Pilot One produced some quality information and evidence that enabled this enquiry to be closed down in a relatively short time. He remained patient and trustful throughout the enquiry which is a great help to any tax practitioner in these circumstances. Any tax enquiry is stressful for an individual due to the uncertainty the situation creates but Pilot One handled it perfectly.

IR35 status deciding factors 

  • POL possessed a genuine right of substitution which was confirmed by a CEST determination that Pilot One had undertaken. Furthermore, in 2016, POL invoked their right of substitution by appointing another PSC to undertake some of the pilot services on their behalf. This was supported by a copy of the replacement workers’ invoice to POL. Whilst this happened before 06.04.18 the right remained as per the contract ;
  • POL was at liberty to refuse work offered and had done so in the past. This was supported by a copy of POL’s time record for work dated February 2014 that demonstrated this. Whilst this happened before 06.04.18, POL’s right to decline work remained;
  • POL controlled the manner in which they delivered the services;
  • Risk of late payment of sales invoices. POL’s sales invoices were heavily scrutinised which often resulted in payment being delayed beyond the end of the month. However, POL was entitled to charge interest on late paid invoices demonstrating that the agreement between the two parties was truly commercial; and
  • Non-entitlement to employee-type benefits.

How Eagle Flight Ltd (EFL) was found to be outside IR35

Limited Company Background

EFL was incorporated in January 2014 and during the period of enquiry was providing aviation services to IFLY, a Swedish company, who manage and operate private business jet aircraft for both private and charter flights.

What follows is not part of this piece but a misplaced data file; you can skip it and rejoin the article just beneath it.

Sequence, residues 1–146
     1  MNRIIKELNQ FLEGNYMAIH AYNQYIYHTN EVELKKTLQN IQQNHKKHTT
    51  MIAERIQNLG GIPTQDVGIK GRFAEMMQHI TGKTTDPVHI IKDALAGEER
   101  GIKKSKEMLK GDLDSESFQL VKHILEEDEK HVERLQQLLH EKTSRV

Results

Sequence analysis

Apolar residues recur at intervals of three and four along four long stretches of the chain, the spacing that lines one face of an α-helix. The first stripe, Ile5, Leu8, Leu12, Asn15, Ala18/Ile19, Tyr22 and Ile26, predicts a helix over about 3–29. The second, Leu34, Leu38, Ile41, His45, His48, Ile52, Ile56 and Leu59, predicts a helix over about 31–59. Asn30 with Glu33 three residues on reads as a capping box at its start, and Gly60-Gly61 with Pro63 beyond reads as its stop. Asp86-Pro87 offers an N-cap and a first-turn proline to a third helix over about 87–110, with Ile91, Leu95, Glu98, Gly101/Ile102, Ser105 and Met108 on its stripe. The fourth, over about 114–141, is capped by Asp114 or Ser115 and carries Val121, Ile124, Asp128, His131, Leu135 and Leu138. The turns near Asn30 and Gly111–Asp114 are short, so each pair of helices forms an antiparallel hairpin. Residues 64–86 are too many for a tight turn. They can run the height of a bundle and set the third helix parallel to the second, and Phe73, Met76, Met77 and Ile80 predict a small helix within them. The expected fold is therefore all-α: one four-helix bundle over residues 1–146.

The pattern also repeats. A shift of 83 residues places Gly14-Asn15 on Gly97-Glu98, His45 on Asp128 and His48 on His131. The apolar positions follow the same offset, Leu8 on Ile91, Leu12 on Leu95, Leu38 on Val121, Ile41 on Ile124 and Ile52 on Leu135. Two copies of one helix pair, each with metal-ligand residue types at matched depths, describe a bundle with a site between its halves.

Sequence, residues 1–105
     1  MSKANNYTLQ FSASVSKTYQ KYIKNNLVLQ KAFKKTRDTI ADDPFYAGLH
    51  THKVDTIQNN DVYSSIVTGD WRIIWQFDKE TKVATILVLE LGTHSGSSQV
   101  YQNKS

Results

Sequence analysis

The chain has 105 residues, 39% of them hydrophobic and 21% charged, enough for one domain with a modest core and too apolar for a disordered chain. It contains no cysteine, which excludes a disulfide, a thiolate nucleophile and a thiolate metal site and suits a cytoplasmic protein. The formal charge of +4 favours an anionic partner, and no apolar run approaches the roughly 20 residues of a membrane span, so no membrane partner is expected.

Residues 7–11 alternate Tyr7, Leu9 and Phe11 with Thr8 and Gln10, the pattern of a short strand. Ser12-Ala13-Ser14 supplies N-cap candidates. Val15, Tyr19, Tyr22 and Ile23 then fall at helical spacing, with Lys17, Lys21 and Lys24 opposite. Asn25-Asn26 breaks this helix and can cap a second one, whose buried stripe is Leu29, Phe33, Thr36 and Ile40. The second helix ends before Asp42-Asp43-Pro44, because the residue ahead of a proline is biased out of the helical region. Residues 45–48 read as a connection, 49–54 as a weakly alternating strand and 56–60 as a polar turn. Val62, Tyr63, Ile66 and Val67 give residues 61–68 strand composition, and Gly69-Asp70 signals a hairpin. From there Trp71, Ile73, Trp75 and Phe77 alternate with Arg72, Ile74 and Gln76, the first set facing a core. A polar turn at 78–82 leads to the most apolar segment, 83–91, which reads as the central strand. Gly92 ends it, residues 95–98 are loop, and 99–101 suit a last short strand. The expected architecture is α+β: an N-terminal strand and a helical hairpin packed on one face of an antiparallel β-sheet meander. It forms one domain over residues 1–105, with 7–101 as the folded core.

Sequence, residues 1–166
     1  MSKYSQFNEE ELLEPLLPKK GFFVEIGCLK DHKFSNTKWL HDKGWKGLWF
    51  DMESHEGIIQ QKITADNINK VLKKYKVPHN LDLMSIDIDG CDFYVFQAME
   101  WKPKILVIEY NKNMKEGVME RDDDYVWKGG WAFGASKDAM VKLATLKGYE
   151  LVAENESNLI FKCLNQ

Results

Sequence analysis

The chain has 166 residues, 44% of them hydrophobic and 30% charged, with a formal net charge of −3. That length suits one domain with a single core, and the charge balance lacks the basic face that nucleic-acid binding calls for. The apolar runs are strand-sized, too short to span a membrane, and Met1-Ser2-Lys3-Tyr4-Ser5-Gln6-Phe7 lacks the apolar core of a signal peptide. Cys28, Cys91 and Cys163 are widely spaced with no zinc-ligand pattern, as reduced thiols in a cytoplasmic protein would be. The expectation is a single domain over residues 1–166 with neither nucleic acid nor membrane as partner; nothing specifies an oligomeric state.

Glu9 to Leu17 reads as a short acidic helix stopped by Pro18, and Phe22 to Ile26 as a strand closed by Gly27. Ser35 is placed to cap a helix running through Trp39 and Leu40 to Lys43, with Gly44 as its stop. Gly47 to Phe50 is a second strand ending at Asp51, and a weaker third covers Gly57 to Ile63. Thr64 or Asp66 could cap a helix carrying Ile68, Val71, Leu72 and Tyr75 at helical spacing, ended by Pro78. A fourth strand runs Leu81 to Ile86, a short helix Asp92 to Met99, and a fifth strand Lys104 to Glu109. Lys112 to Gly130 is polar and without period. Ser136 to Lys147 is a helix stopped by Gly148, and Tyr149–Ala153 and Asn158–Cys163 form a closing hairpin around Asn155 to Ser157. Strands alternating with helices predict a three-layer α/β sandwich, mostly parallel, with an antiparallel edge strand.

EFL had a direct contract with IFLY, the terms and conditions of which had remained unchanged since February 2014.

EFL not only provided the services of Arni Hilton (AH - director of EFL) as a pilot but also industry advice and ground training. In fact, the services were varied, including industry consultancy and advice, crew co-ordination training and customer service training. Approximately 60% of the services related to pilot activity and 40% were dedicated to ground-based activities.

Timeline of IR35 enquiry

  • Enquiry opened on 16.09.19 into tax year 2018/19. AH approached LH in around late September/early October to represent his company for the duration of the enquiry.
  • Following telephone and e-mail conversations, AH provided thorough information and robust evidence to enable me to respond in full and in great detail to HMRC’s opening letter, which I did by e-mail on 24.10.19 (deadline was 25.10.19).
  • On 26.11.19 I received an e-mail from HMRC posing six questions surrounding mutuality of obligation, non-exclusivity, right of control and substitution. After consulting with AH a full response was e-mailed to HMRC 06.01.20.
  • Nothing more was heard from HMRC until 18.03.20 when they formally closed the enquiry affirming that IR35 did not apply to EFL’s contract with IFLY.